Connections to Curriculum (Standards)

National History Standards -  US History, Era 9: Postwar United States (1945 to early 1970s)

  • Standard 3: Domestic policies after World War II

Common Core State Standards

  • ELA College and Career Readiness Anchor Standards for Reading, Writing, Speaking and Listening, and Language
  • ELA – Reading Informational Texts, Writing, Speaking and Listening, Language, and Literacy in History/Social Studies for grades 9-10 and 11-12

National Council of Teachers of English : Standards 1, 3, 4, 5, 6

Massachusetts History and Social Science Framework

  • USII.T3  - Defending democracy: responses to fascism and communism

Massachusetts English Language Arts Framework

  • Reading, Writing, Speaking and Listening, and Language

Sorensen, Theodore C.  Kennedy.  New York:   Harper & Row, Publishers, 1965.

Tofel, Richard J.  Sounding the Trumpet: The Making of John F. Kennedy’s Inaugural Address . Chicago: Ivan R. Dee Publisher, 2005.

Home / Essay Samples / Government / Presidents of The United States / John F. Kennedy

John F. Kennedy’s Inaugural Address: an Analysis

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History , Government , Sociology

History of The United States , Presidents of The United States , Sociology of Media and Communication

American History , John F. Kennedy , Rhetorical Strategies

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Home — Essay Samples — Government & Politics — John F. Kennedy — A Literary Analysis of an Inaugural Speech by John F. Kennedy

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A Literary Analysis of an Inaugural Speech by John F. Kennedy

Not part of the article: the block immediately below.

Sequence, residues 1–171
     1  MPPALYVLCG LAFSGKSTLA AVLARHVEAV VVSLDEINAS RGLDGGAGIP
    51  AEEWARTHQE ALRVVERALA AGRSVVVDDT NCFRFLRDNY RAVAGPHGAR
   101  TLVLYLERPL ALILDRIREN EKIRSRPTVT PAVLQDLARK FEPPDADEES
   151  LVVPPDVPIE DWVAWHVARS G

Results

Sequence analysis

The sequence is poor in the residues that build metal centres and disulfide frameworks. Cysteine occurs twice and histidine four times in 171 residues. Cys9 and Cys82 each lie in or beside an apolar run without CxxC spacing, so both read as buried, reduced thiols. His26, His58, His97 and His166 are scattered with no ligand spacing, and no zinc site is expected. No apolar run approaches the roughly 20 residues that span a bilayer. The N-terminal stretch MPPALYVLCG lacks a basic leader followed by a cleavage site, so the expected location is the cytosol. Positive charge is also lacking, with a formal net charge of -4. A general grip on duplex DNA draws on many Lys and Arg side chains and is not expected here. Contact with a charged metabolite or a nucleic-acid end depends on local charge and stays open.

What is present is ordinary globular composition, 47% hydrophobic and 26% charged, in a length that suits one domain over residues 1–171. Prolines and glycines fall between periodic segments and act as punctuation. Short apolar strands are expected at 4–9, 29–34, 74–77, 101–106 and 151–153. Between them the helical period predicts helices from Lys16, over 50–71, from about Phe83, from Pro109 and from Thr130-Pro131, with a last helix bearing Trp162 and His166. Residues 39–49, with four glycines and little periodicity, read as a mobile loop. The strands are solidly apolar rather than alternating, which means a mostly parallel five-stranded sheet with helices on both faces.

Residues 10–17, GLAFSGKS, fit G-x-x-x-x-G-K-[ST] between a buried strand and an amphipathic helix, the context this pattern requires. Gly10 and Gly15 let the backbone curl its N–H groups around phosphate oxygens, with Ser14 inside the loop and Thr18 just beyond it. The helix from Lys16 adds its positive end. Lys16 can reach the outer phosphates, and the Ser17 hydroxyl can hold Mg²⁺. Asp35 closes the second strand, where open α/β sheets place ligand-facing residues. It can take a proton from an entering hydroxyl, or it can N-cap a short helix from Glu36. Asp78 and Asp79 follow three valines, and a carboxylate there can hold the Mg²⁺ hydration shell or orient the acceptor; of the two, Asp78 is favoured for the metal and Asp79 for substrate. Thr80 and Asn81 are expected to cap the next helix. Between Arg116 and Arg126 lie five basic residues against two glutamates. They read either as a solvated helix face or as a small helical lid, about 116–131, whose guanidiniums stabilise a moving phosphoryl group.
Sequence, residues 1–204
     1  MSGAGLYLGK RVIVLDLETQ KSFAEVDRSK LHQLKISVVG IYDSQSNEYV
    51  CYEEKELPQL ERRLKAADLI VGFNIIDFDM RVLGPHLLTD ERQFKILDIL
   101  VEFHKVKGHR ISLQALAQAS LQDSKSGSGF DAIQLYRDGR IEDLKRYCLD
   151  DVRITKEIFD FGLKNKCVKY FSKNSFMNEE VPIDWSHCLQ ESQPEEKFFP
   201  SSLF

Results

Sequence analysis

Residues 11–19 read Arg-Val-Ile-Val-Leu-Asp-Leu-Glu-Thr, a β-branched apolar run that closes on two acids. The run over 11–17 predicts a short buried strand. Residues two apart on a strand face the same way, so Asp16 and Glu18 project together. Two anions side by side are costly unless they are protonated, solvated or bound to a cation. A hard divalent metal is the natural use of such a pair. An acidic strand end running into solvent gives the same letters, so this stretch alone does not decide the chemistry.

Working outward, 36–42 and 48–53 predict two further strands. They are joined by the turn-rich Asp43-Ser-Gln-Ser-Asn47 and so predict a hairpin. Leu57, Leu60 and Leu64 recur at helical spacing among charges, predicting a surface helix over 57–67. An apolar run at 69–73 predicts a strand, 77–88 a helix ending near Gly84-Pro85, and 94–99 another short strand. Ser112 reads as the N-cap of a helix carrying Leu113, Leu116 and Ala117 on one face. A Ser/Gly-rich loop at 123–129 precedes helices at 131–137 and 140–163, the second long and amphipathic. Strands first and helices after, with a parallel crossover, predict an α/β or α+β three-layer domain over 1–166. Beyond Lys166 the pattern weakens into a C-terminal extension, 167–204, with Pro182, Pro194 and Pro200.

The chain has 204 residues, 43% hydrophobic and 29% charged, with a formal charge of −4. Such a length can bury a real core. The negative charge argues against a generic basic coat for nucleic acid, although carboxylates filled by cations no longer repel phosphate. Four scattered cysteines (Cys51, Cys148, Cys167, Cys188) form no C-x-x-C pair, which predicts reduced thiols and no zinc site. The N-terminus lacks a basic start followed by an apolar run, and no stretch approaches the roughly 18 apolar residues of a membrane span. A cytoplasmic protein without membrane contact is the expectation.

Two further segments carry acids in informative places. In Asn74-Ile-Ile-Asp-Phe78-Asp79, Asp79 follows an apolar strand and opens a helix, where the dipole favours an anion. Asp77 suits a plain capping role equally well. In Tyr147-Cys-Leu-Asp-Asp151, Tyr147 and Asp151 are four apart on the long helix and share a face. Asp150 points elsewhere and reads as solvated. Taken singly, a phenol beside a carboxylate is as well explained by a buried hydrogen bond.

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john f kennedy rhetorical analysis essay

John F. Kennedy Civil Rights Speech Rhetorical Analysis

John F. Kennedy’s ” Civil rights speech” created many controversies because of the way that John F. Kennedy approaches racial issues in America. John F. Kennedy was elected as president after the assassination of John F. Kennedy and John Fitzgerald Kennedy gave his first State of The Union Address at regular session of the United States 87th United States Congress on January 30, 1961.

As you read John F. Kennedy’s “Civil Rights Address,” it is important to remember that in the 1960s, many places across America enforced strict segregation policies. John F. Kennedy was speaking in an era when black Americans were not allowed to eat at the same restaurants as whites, were not allowed to live in the same neighborhoods as whites, and most importantly they were not allowed equal rights under the law. John F. Kennedy wanted all of that to change, and he made his “Civil Rights Address” with that goal in mind.

John F. Kennedy begins his “Civil Rights Address” by saying how far society has come since slaves first arrived on African shores hundreds of years ago (Kennedy). John F. Kennedy is making it clear that he believes society, as whole, has changed for the better regarding race issues since the beginning of African slavery. John F. Kennedy then says how great strides have been made for racial equality in recent years (Kennedy). John F. Kennedy explains how even though change still needs to be made, there is positive movement towards equality across America and throughout the world (Kennedy).